Tepid Romance. I knew that there was a romance going into this book, but I had no idea that it was going to weaken the novel to the point where I would come to despise the pairing. Yuri suddenly turned into this sex-crazed person, when it seemed out of character, and the stupid things that fell from Dovie’s mouth was suddenly golden, just because Yuri wanted to sleep with her. Dovie wanted Yuri to forget personal achievement and just strive for everything out of the goodness of his heart, To completely give up all of his goals because it was greedy of him to be driven. I thought it was a horrible message to send to young people – that personal gain is horrible and that it is okay to let everyone walk all over them for the greater good. Yuri should have told Dovie she was full of crap and left. Which goes with….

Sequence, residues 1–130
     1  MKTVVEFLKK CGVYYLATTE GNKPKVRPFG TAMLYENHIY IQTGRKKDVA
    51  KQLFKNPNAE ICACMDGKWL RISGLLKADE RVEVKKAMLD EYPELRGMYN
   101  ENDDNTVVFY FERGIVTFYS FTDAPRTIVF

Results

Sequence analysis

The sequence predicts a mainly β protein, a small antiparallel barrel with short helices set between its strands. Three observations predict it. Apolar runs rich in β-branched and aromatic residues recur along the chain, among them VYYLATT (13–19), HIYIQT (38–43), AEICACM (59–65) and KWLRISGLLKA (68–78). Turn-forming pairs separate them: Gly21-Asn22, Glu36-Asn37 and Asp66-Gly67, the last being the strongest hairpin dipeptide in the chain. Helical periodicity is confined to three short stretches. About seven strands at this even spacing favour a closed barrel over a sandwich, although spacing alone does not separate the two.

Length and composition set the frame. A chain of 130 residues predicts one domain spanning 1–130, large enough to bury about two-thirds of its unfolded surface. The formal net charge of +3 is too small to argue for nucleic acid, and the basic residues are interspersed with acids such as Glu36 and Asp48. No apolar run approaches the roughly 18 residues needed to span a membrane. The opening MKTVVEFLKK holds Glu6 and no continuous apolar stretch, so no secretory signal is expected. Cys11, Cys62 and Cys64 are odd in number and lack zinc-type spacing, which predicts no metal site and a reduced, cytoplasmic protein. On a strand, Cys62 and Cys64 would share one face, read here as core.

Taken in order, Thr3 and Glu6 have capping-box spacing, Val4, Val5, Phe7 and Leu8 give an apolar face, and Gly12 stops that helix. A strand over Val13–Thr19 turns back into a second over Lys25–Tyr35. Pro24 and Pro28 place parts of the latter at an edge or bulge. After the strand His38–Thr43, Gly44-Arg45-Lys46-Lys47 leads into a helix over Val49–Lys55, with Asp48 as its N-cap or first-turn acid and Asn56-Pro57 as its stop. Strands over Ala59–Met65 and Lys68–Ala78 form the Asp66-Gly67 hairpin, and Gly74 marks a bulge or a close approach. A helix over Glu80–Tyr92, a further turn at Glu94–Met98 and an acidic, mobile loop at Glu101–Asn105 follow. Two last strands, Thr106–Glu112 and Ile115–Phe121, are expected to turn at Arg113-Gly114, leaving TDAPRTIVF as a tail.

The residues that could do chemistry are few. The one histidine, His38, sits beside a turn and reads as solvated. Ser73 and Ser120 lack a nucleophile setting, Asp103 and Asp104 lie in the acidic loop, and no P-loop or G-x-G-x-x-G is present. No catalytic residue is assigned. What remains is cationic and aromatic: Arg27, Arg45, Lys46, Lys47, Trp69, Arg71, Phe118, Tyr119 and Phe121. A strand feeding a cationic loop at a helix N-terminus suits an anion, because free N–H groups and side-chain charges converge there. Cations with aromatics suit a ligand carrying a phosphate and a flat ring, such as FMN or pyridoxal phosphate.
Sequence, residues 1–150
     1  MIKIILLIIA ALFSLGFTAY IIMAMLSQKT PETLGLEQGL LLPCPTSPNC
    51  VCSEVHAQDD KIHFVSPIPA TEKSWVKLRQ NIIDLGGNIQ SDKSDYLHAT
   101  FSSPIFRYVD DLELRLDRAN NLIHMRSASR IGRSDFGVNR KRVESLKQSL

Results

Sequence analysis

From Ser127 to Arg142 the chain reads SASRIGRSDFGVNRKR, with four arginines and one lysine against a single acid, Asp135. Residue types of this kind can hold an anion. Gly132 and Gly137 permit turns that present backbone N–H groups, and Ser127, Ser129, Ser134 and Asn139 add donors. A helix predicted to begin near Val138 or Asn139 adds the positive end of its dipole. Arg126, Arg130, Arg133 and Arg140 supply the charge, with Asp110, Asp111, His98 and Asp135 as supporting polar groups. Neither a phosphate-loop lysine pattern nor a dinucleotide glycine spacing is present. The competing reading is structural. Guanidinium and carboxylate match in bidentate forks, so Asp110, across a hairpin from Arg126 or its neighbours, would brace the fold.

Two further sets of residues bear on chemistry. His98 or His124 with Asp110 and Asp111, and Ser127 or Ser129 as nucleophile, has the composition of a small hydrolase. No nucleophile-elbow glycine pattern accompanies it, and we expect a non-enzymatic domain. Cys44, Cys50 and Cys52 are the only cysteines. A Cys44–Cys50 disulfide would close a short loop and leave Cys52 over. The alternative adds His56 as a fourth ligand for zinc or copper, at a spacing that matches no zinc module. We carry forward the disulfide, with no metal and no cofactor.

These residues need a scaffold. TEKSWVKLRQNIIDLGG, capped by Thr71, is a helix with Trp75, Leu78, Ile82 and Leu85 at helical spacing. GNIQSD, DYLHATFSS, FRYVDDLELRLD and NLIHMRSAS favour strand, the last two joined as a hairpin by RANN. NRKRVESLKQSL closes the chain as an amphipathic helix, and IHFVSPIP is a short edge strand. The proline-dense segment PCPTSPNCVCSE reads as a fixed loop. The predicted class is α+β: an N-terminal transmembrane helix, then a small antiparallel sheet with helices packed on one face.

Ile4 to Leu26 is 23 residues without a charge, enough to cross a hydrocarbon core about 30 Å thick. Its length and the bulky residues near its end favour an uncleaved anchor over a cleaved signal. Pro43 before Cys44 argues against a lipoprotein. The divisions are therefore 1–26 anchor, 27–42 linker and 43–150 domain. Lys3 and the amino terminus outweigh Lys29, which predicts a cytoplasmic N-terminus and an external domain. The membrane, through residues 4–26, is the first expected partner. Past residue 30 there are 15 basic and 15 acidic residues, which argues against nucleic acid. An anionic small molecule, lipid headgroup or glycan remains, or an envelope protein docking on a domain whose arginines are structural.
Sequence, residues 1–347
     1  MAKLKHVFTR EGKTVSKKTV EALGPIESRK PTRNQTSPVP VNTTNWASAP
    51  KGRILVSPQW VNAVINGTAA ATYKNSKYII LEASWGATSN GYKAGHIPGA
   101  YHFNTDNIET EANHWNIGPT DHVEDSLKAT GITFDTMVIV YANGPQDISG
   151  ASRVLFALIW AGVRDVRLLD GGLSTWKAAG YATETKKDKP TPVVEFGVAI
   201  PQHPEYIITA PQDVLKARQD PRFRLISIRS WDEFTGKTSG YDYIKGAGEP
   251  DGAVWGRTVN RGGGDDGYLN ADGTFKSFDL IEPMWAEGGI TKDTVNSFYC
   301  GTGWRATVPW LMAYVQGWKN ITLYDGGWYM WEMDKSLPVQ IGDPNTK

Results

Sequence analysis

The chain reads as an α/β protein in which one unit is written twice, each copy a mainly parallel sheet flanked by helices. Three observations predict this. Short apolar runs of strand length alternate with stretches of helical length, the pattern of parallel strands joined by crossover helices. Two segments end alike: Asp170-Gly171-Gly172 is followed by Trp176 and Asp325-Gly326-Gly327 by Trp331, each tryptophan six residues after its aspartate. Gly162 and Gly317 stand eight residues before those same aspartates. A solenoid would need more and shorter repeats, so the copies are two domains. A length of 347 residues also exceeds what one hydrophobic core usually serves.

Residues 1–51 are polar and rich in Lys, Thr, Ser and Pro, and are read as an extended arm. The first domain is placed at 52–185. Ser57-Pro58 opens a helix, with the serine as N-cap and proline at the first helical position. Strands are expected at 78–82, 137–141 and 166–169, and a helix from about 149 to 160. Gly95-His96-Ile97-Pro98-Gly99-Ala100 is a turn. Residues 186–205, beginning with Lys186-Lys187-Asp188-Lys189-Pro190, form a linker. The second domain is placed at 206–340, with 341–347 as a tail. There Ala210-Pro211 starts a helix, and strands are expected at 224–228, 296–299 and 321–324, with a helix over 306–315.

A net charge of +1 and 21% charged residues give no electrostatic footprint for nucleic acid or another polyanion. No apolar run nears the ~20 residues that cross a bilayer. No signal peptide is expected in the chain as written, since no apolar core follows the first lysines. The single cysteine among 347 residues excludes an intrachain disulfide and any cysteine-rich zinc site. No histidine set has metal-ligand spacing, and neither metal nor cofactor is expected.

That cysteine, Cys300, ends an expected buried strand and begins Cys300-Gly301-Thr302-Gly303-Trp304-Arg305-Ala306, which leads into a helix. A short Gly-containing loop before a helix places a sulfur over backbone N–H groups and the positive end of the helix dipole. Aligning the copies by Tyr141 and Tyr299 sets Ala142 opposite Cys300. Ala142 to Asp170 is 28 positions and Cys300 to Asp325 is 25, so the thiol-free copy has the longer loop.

Crappy Ending. Yuri just gives up everything for Dovie. At the age of seventeen. News flash – the person you meet in your teens might not be the person you love forever. So Yuri throws away so much because he happened to finally find a girl. No. Horrible ending.
Even though there were some glaring issues, I did find this book enjoyable, especially when the plot was centered around Yuri and the asteroid. The book was cynical yet sweet, sour yet touching. This was fun, and if you are a science geek, this is going to give you enough to make you happy. If you want something that is a guilty pleasure, pick this one up!